An inscribed moulded pale turquoiseglazed porcelain 'bamboo' snuff bottle Danran jushi, probably Hu Wenxiang, Jingdezhen, 1820–1870
Lot 2
An inscribed moulded pale turquoise-glazed porcelain 'bamboo' snuff bottle Danran jushi, probably Hu Wenxiang, Jingdezhen, 1820–1870
Sold for HK$ 384,000 (US$ 49,505) inc. premium

Lot Details
An inscribed moulded pale turquoise-glazed porcelain 'bamboo' snuff bottle Danran jushi, probably Hu Wenxiang, Jingdezhen, 1820–1870 An inscribed moulded pale turquoise-glazed porcelain 'bamboo' snuff bottle Danran jushi, probably Hu Wenxiang, Jingdezhen, 1820–1870
An inscribed moulded pale turquoise-glazed porcelain 'bamboo' snuff bottle
Danran jushi, probably Hu Wenxiang, Jingdezhen, 1820–1870
7.19cm high.

Footnotes

  • Treasury 6, no. 1367

    瓷胎模製竹石圖鼻煙壺
    澹然居士,大概為胡文祥,景德鎮,1820~1870

    An inscribed moulded pale turquoise-glazed porcelain 'bamboo' bottle

    ('A Necessary Gentleman')

    Pale turquoise-blue and colourless glazes on porcelain; with a flat lip and recessed, flat foot surrounded by a protruding, flat footrim; carved on one main side with bamboo growing in front of a convoluted rock, with one raised seal of the artist, in seal script, Ranyin ('Seal of Ran'), and on the other with a raised inscription in seal script, He ke yiri wu cijun ('How can [one live] a single day without this gentleman?'), followed by the signature Danran jushi ('The retired scholar Danran') with one raised seal of the artist in seal script, yin ('seal'), the foot inscribed in relief seal script, Danhu ('Dan's Bottle'); the exterior surfaces, except the lip and footrim, glazed turquoise-blue; the interior covered with a colourless glaze
    Danran jushi, probably Hu Wenxiang, Jingdezhen, 1820–1870
    Height: 7.19 cm
    Mouth/lip: 0.7/1.15 cm
    Stopper: mother-of-pearl; coral collar

    Condition:tiny chip to the character yi in the inscription, in its centre;fairly large chip off the end of one stroke on the character ran in the signature and another to the shi character;chip to part of the character chunin the inscription;two original firing flaws, one beside the last two characters of the signature, the other at the lower neck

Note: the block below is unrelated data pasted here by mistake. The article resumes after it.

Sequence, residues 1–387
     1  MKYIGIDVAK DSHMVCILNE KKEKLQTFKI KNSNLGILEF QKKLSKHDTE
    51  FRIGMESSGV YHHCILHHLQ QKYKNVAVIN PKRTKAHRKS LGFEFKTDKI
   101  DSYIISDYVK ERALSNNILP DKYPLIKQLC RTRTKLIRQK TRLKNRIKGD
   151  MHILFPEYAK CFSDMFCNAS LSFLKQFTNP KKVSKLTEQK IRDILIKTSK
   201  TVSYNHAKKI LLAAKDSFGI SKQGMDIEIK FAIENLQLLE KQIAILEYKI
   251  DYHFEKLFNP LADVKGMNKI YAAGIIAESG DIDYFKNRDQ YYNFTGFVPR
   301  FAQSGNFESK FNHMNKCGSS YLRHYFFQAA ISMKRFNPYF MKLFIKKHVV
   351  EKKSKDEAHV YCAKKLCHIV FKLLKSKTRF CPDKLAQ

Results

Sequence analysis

Provenance:
    Michael Hughes, New York, 2001
    Hugh Moss (HK) Ltd. 2002

    Published:
    Treasury 6, no. 1367

    Commentary
    This masterly, literate bottle comes close in feeling to Sale 1, lot 130, raising an intriguing possibility. Perhaps Hu Wenxiang worked under other names, matching his literati styleand elegant quality with the use of a variety of assumed, artistic names that would betypical of a literatus – Danran jushi being one example. No one else is known to haveadopted the name Danran jushi, so Hu Wenxiang is a valid candidate. The identificationis bolstered by the similarities between this bottle and Sale 1, lot 130. Both feature the rareuse of the token seal, yin, which simply means 'seal'; this is a common touch in the laterQing, particularly in the Zhou Leyuan school of inside painters at Beijing, but it is notcommonly found on bottles of the first half of the nineteenth century. Other than thesetwo, no known carved-porcelain bottles bear this seal. Both bottles areinscribed with esoteric and difficult seal script, not just for the signature, but forrelatively long inscriptions, where the script is unusually impressive, particularly giventhe medium. Finally, both are decorated with bamboo and, crucially, the style is bothdistinctive and remarkably similar on both bottles.

    There is another bottle signed Danran jushi in JICSBS, Spring 2009, p. 31, fig. 9; it is from the Peabody Essex Museum in Salem, Massachusetts.
    We cannot automatically presume that Danran jushi and Hu Wenxiang are the same person. An alternative explanation for the use of the name is that the carver was responding to a commission from a scholar with this sobriquet. Nowhere in the seals or inscriptions on this bottle is there any verb indicating that Danran made the bottle or wrote the inscriptions. It is possible that Danran was the patron, a literatus and lover of bamboo, who chose the subject and inscriptions and commissioned Hu to make the bottle for him. Perhaps he was also the calligrapher who provided the exemplar for the potter to follow in writing the inscription, which is a well-known remark made by Wang Huizhi (d. 388 CE). Wang was very fond of bamboo. Once, when he stayed for a short while in an empty house, he immediately sent for servants to plant bamboo in the garden, saying, "How can one live a single day without [the company of] this gentleman?" From then on, the bamboo acquired 'cijun' ('this gentleman') as one of its alternative names.

    The bamboo is a symbol of a cultivated gentleman because of various good moral qualities it portrays. As examples, its slender and straight stems impart a sense of uprightness; the hollow stems represent a humble person's receptive mind; and its ability to bend instead of being broken in inclement weather is akin to the fortitude of a scholar in adversity. The word jie, which designates the nodes of the bamboo stems, has among its various other meanings 'integrity' and 'will'.

    瓷胎模製竹石圖鼻煙壺

    瓷胎上無色釉與淡綠松石藍釉;平唇,平斂底,突出圈足,圈足底完全接觸地面; 一正面陽刻"然印"一篆印,另一正面陽刻 "何可一日無此君",後加"澹然居士"和陽刻 "印" 印,底陽刻"澹壺",除了唇與圈足以外,壺表施綠松石藍釉,內壁施無色釉
    澹然居士,大概為胡文祥,景德鎮,1820–1870
    高:7.19 厘米
    口經/唇經:0.7/1.15 厘米
    蓋: 珍珠之母; 珊瑚座

    狀態敘述: "一"字中點呈細小的缺口;"然"字第一畫下端和"士"字中央部都有相當大的缺口;"君"字呈缺口;有煆燒導致的兩個瑕疵,一在"居士"旁邊,一在頸部下部

    來源:
    Michael Hughes, New York, 2001
    Hugh Moss (HK) Ltd. 2002

    文獻:
    Treasury 6, 編號 1367

    說明:
    這件工藝傑出的鼻煙壺個方面都很像 第一場拍賣會, 拍賣品號 130,使人不得不聯想澹然是胡文祥的另一字號。像徵性的"印"字印,在十九世紀前半葉的煙壺寥寥無幾,除了這兩件以外,已知的雕刻瓷胎煙壺都沒有一件打這種印的。兩壺題文的字體也比較難寫難辨。

    不過,也可能是叫澹然居士的人讓胡文祥給他作這兩件煙壺的,就是說,胡文祥和這位居士不是一個人, 是陶匠和顧客兩個人。再進一步說,也許字的原型是澹然居士寫的,但那也不過是猜測。
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